One small step for gays at Hong Kong’s first Pride march

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More than 1,000 people took part in the first officially sanctioned gay Pride event in Hong Kong on Saturday. It was organised by a coalition of HIV organisations and LGBT groups.

A rainbow-coloured dragon was the highlight of the parade, which featured none of the semi-nudity and outrageous displays that are common at other Prides.

While gay marches and parades have taken place in Taiwan, the Hong Kong event was the first of its kind in China.

“We came out today to show the world that people in the queer community are normal people too,” Ariel Wong, a 21-year-old student, told TIME.

Amnesty International’s LGBT coordinator in Hong Kong, Medeleine Mok, said: “In mainland China, it’s impossible to have a gay Pride march, so this is a very important day that has attracted many people to Hong Kong.”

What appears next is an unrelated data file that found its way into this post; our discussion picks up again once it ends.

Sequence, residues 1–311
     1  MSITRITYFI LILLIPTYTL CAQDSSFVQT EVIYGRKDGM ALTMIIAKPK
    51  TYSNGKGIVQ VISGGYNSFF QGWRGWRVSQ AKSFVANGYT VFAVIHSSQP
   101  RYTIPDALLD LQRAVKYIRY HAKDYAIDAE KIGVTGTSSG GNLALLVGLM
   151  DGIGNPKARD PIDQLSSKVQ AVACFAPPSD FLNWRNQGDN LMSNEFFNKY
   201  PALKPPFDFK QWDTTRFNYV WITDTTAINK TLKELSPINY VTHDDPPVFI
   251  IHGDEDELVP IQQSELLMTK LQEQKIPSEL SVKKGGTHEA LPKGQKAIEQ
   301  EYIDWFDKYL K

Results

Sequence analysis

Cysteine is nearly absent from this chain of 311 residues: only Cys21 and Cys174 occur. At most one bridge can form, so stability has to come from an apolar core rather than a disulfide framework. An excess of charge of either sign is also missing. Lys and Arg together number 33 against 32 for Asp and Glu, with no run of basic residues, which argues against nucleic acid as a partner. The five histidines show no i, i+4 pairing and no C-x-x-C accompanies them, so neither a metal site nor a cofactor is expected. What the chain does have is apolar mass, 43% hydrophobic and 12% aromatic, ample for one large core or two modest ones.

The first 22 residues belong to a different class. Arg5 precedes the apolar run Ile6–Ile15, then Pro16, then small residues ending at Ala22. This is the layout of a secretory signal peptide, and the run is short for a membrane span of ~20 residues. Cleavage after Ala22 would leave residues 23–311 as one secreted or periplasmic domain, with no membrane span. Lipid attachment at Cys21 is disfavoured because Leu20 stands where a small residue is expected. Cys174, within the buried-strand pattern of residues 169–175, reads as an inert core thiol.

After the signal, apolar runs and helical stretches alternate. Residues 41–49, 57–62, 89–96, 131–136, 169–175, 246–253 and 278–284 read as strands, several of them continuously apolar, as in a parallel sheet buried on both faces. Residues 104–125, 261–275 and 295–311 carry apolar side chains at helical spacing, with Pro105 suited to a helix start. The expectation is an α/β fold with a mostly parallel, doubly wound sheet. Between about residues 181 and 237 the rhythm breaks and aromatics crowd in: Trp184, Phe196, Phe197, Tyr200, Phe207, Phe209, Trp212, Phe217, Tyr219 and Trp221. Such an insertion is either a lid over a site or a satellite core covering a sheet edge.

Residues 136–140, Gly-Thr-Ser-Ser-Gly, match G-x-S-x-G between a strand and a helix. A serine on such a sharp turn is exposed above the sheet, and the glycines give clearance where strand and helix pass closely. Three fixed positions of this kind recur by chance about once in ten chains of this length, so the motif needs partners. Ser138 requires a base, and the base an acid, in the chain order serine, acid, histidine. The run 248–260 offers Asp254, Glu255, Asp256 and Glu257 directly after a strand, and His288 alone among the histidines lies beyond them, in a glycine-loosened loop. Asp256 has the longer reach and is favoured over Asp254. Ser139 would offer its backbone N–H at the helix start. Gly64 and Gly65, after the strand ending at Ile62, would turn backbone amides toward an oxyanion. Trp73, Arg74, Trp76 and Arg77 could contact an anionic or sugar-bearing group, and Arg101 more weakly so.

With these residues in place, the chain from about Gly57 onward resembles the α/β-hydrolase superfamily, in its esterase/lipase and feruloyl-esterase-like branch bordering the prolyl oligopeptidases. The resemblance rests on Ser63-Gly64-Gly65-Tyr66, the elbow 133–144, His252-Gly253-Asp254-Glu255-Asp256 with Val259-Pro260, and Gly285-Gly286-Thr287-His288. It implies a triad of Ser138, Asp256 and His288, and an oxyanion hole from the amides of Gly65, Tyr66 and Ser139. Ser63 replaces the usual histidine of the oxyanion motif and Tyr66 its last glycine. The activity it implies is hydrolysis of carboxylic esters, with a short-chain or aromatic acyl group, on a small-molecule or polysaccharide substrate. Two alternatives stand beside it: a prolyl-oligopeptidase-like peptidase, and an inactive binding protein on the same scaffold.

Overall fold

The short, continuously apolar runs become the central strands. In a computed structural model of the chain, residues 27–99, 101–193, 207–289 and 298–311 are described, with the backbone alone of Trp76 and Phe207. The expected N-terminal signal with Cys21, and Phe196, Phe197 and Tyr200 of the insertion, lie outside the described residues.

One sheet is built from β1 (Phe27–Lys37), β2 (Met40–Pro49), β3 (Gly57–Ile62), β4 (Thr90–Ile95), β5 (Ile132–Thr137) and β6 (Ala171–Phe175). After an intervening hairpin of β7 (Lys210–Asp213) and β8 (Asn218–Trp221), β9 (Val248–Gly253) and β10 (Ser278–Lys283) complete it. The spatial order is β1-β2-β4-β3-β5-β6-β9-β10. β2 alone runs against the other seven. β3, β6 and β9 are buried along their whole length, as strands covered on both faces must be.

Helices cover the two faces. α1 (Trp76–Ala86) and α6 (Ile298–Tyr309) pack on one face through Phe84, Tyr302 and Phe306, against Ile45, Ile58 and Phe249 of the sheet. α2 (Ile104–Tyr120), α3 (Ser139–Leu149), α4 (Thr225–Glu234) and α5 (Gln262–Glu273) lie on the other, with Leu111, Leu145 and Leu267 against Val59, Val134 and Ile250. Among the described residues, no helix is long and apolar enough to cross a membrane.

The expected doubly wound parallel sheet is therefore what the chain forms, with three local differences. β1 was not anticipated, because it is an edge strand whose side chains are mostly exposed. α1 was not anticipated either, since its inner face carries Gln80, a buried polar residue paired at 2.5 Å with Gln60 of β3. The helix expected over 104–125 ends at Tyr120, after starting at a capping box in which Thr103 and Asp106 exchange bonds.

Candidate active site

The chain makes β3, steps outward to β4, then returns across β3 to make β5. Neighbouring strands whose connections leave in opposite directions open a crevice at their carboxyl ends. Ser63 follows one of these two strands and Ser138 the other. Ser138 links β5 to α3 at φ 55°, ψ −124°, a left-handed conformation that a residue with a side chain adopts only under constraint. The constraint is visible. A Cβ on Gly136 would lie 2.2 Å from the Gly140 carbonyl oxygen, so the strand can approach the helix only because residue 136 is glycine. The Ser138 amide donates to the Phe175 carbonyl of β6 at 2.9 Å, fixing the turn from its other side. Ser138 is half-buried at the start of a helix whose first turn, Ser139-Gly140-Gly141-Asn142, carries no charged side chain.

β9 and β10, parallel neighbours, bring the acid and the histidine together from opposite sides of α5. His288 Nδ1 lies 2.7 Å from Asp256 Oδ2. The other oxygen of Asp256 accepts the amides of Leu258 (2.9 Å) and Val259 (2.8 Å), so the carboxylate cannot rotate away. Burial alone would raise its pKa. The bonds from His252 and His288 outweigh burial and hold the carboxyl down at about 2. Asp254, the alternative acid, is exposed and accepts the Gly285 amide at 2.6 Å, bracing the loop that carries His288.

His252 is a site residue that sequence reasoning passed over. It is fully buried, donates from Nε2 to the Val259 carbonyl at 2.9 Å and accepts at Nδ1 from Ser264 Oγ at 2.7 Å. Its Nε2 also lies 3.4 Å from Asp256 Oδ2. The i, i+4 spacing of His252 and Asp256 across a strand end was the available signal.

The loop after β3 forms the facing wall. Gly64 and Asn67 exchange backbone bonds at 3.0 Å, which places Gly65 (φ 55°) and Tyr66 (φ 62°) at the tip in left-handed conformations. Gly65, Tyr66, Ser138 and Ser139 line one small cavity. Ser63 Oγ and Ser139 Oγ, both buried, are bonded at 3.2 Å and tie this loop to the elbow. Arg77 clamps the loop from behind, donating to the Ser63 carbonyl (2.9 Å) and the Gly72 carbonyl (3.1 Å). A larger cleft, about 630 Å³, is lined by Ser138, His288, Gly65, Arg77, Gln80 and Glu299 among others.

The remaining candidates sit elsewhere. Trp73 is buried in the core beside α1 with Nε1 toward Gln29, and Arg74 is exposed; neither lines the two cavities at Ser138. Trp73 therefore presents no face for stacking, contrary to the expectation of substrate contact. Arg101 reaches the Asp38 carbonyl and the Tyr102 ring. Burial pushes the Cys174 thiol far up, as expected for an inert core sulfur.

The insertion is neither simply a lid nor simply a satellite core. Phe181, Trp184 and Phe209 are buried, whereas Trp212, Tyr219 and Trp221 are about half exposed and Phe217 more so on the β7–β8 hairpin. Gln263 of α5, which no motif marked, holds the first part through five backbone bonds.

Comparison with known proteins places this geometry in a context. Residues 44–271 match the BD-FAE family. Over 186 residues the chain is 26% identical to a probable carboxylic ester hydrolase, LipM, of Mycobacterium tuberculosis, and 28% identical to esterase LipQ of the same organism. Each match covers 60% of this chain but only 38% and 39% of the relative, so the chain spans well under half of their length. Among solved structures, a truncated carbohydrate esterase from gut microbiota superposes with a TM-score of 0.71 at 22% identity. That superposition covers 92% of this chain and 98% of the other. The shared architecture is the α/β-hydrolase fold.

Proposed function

In 2007 a social support centre for the gay community in Hong Kong opened, the first of its kind in the country.

In October experts in Hong Kong revealed that one third of men who have sex with men could be infected with HIV unless prevention measures work.

There have been sharp rises in the number of men getting the virus through gay sex.

In 2003 there were 50 – up to 112 in 2006.

“If all our actions fail, by 2020 we can have one-third infected in the community. Some of them may go on to infect women,” said Wong Ka-hing, consultant for the Hong Kong government’s Centre for Health Protection.

“There are three clusters (of infection).

“We investigated and found common risk factors like a number of people attending the same sex parties, internet use, using recreational drugs, unsafe sex.”

The highest court in Hong Kong decriminalised gay public sodomy last year in a ruling that advocates called a victory for China’s gay rights movement.

A panel of five top judges unanimously ruled that two men, who acknowledged engaging in anal sex in a parked car, should not be subject to the country’s maximum penalty of five years in prison.

In 2006 the age of consent in Hong Kong was equalised at 16.